More than two in five people receiving buprenorphine, a drug commonly used to treat opioid addiction, are also given prescriptions for other opioid painkillers – and two-thirds are prescribed opioids after their treatment is complete, a new Johns Hopkins Bloomberg School of Public Health study suggests.
The findings, published Feb. 23 in the journal Addiction, demonstrate the need for greater resources devoted to medication-assisted treatment, a common clinical tool to address the epidemic.
The idea behind medication-assisted treatment is that patients are given low-dose opioids that produce some of the effects of opioids while staving off physical withdrawal symptoms. The low-dose opioids produce weaker effects than drugs such as oxycodone or heroin, which come with the risk of addiction and overdose. With medication-assisted treatment, rigorous studies have shown that patients are more able to remain healthy and productive members of society.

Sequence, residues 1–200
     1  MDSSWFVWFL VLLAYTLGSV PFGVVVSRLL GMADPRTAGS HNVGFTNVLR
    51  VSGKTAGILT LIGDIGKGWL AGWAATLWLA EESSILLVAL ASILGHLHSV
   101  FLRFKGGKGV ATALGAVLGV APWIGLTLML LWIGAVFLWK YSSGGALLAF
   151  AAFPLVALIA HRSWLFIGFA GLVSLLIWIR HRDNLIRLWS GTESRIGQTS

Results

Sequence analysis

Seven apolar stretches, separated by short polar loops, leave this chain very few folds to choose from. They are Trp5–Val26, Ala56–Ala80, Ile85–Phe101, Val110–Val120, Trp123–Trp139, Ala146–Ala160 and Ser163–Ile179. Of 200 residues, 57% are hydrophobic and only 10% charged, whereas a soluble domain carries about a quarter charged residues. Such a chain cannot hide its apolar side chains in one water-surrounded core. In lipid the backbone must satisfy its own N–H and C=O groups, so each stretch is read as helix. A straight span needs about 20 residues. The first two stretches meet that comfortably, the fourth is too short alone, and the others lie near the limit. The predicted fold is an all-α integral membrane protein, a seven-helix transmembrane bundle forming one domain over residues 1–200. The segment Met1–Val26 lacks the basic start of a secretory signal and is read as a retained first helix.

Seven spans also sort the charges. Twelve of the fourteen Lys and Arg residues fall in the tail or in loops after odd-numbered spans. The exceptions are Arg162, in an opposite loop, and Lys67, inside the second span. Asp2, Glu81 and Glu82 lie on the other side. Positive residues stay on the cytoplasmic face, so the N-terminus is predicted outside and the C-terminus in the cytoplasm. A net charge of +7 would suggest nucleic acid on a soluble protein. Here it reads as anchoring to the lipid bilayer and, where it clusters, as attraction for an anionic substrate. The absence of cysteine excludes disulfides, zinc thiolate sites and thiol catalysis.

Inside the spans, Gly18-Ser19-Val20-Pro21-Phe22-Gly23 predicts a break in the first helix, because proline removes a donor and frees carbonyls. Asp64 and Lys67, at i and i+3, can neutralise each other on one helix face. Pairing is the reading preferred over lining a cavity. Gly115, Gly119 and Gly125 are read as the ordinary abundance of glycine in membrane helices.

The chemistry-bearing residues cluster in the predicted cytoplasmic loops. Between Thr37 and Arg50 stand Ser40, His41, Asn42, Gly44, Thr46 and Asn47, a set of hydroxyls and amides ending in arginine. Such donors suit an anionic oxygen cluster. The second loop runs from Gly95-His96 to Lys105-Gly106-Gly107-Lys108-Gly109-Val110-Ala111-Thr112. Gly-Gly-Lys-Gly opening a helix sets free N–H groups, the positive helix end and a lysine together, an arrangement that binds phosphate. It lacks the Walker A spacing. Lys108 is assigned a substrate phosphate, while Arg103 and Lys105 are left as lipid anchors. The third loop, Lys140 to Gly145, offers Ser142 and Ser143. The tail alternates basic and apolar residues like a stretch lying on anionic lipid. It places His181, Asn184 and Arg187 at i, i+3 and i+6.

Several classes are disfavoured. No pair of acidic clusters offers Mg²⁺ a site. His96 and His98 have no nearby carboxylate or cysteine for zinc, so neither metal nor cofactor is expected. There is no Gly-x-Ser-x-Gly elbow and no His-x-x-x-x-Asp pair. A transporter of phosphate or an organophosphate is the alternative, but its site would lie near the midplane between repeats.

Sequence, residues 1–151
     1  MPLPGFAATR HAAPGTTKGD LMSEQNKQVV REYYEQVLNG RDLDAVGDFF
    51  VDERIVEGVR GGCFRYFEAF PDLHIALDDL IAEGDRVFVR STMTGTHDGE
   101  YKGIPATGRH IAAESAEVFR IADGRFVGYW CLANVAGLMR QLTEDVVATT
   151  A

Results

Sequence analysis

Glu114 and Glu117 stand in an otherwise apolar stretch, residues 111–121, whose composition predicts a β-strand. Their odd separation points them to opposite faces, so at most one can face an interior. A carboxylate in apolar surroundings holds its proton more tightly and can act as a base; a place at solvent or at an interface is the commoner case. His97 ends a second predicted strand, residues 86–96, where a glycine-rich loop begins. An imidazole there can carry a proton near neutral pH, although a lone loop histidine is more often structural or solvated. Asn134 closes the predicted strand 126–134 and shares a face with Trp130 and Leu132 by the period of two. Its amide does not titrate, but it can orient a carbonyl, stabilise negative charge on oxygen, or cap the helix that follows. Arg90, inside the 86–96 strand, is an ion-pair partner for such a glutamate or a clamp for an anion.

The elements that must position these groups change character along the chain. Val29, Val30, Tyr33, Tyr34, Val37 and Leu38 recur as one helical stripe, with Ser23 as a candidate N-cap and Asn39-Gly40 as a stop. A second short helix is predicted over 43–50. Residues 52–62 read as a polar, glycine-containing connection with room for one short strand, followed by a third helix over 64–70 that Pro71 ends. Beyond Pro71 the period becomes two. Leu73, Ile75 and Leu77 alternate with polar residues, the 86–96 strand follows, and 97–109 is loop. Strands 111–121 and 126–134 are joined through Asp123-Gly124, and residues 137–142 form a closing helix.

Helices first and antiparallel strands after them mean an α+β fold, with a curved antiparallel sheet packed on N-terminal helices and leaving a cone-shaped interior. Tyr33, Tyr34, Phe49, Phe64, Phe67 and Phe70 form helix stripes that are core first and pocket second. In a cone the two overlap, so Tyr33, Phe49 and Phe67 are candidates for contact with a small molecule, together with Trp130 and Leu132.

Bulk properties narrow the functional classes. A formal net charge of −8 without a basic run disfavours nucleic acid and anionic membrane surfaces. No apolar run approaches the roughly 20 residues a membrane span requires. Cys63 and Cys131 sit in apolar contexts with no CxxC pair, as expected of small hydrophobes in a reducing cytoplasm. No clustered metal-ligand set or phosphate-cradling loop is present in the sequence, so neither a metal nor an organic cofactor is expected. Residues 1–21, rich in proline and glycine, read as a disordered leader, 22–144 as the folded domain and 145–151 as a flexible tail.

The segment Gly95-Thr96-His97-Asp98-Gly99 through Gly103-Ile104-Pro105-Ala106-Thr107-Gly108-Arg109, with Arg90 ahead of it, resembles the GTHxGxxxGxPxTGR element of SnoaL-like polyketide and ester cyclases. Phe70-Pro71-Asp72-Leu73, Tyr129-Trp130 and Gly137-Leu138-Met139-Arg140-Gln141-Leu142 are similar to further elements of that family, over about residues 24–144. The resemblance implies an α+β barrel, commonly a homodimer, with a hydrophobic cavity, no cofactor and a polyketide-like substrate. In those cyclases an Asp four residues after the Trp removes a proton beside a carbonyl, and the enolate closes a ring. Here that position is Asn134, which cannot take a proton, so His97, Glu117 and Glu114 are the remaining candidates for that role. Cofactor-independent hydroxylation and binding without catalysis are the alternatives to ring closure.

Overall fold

Historically, the most common drug to treat opioid use disorders has been methadone, though over the past 15 years, buprenorphine, a shorter-acting opioid similar to methadone, has been increasingly used instead. For this study, the researchers looked at prescriptions for buprenorphine and Suboxone, a combination of buprenorphine and naloxone, an anti-overdose medication. Rather than requiring a special clinic like methadone does, buprenorphine can be prescribed in a doctor’s office, making it accessible to more patients.